FIGURE 3

4. Sew in at B, and then out at A to begin the next bullion, taking every advantage to re-tighten the wraps as necessary (FIG. 4).


FIGURE 4

5. Insert the needle in at B and out at A, but do not pull the needle through. Wrap the needle as before with one additional wrap than the first knot. Gently pull the needle through the wraps (FIG. 5).

FIGURE 5

6. Tighten the bullion as before, curving the knot as you tighten, slightly inward to form the bud. End the stitch by sewing in at B and tying off on the back by sewing through the mound a few times (FIG. 6).


FIGURE 6

7. Begin with a bullion bud stitched in the desired color floss to form the bud of the rose. Tie-on with green and the same needle by weaving the thread tail through the stitches on the back. Position the bud horizontally. Sew out at A (FIG. 7).

FIGURE 7

8. Re-insert the needle in at B and out at A, leaving the tip of the needle exposed. Do not pull it through. Wrap the thread ten to thirteen times around the needle clockwise. Be especially careful to pull tautly on the first wrap, making sure that the thread is right against the bud (FIG. 8).

FIGURE 8


9. Pinch the wraps between your thumb and forefinger, and then gently pull the needle through while holding the wraps securely. Continue to pull the thread through the wraps until the slack is almost completely removed from the thread, and then swing the thread tail around the broad base of the bud, tightening and curving the bullion around the bud (FIG. 9).

FIGURE 9

10. Take the needle down at B bringing the thread to the back of the work. Tighten the stitch completely (FIG. 10).

FIGURE 10

11. Stitch the leaves as lazy daisy stitch and then tie off on the back by sliding the needle through the stitches on the back (FIG. 11).

FIGURE 11

12. To make a large bud, begin with a standard rosebud, but do not taper the top as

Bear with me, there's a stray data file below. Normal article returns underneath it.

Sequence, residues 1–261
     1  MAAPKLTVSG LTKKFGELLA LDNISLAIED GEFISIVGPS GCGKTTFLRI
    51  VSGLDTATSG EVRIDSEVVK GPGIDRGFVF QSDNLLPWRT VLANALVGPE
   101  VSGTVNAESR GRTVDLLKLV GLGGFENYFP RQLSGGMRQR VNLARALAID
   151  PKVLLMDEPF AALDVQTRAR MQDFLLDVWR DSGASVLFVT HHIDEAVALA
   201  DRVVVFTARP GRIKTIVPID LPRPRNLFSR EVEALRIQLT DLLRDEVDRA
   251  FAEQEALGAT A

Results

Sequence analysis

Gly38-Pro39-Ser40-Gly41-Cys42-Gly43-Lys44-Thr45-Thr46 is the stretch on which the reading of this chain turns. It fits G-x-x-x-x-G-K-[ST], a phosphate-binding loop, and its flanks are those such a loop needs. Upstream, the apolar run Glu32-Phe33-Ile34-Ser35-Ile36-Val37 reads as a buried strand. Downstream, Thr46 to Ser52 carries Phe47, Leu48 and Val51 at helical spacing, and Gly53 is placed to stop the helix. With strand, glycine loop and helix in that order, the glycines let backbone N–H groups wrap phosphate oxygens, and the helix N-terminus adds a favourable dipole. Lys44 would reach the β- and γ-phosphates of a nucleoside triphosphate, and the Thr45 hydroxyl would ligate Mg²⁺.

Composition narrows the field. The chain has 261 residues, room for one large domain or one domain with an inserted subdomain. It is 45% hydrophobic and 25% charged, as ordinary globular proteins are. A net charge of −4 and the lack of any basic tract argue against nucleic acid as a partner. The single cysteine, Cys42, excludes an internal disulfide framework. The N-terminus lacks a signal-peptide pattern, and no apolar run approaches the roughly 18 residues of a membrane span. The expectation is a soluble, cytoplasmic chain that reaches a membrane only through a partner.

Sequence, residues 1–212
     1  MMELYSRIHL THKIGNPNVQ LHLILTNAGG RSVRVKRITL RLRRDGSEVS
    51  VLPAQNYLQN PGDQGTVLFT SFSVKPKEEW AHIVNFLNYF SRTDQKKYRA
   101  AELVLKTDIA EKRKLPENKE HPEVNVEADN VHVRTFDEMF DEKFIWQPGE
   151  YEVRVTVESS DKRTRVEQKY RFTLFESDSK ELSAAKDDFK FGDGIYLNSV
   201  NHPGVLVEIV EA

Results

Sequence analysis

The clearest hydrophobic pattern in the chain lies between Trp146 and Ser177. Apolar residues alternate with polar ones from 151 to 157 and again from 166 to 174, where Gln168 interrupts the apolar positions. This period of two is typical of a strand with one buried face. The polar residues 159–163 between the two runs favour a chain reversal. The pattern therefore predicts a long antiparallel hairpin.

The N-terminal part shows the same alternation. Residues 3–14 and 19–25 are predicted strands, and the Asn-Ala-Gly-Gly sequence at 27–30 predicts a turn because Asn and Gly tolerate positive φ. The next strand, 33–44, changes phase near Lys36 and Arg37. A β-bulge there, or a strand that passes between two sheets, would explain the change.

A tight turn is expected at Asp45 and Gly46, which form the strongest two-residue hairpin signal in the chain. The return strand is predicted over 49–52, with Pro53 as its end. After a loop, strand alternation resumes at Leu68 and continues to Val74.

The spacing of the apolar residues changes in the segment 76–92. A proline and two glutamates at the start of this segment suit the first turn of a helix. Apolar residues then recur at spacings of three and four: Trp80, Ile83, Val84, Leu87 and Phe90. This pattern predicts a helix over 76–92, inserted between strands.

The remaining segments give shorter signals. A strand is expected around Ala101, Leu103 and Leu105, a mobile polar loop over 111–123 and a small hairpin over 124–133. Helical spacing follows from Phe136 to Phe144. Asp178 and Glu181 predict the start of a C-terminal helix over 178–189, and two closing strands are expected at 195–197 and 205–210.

much, yielding a squattier-shaped bud. Add a wrap around the remaining edge of the flower with green.

FIGURE 12

Full Bullion Rose 1. Follow Steps 1–6 of the Bullion Rosebud, but do not tie off after the second knot. To make the third knot, insert the needle in B and out A, but do not pull the needle through. Wrap the exposed tip of the needle the same number of wraps as before (FIG. 1).

FIGURE 1

2. Pull the thread through while holding the wraps, and then tighten the loop as much as possible until the knot lies flat against the fabric. Insert the needle down at B to end the three-knot bullion. Tie off on the back (FIG. 2).


FIGURE 2

3. Tie on at the back of the mound and then emerge at C. Sew in at D and out at C but do not pull the needle through. Wrap the needle a total of eleven to thirteen wraps (FIG. 3).

FIGURE 3

4. Pin the wraps between your forefinger and thumb as before, and then slide the needle through while holding the wraps. Tighten around the edge of the center flower, and then sew down at D to complete the swirl (FIG. 4).

FIGURE 4


5. Rotate the work 180 degrees and emerge at E, the top edge of the center bullion just beside the previous stitch (FIG. 5).

FIGURE 5

6. Sew in at F and out at E, but don’t pull the needle through. Wrap the tip of the needle a total of eleven to thirteen wraps. Pin the wraps between your forefinger and thumb while holding the wraps, and then pull the needle through (FIG. 6).

FIGURE 6

7. Tighten the wraps completely, and then insert the needle in at F to complete the stitch (FIG. 7). Rotate the flower 90 degrees to work the next petals.

FIGURE 7

8. To form the side petals, bring the needle out at G (the upper edge of the flower),


and then sew in at H and out at G, but do not pull the needle through. Wrap the tip of the needle the same number of wraps as before, about eleven to thirteen times (FIG. 8).

FIGURE 8

9. Pinch the wraps, pull the needle through and tighten the stitch. To end the stitch, sew down at H and tighten the stitch (FIG. 9).

FIGURE 9

10. Rotate the bullion 180 degrees. Sew out at J, and then sew in at K and out at J, but do not pull the needle through. Wrap the tip of the needle the same number of wraps as before (FIG. 10).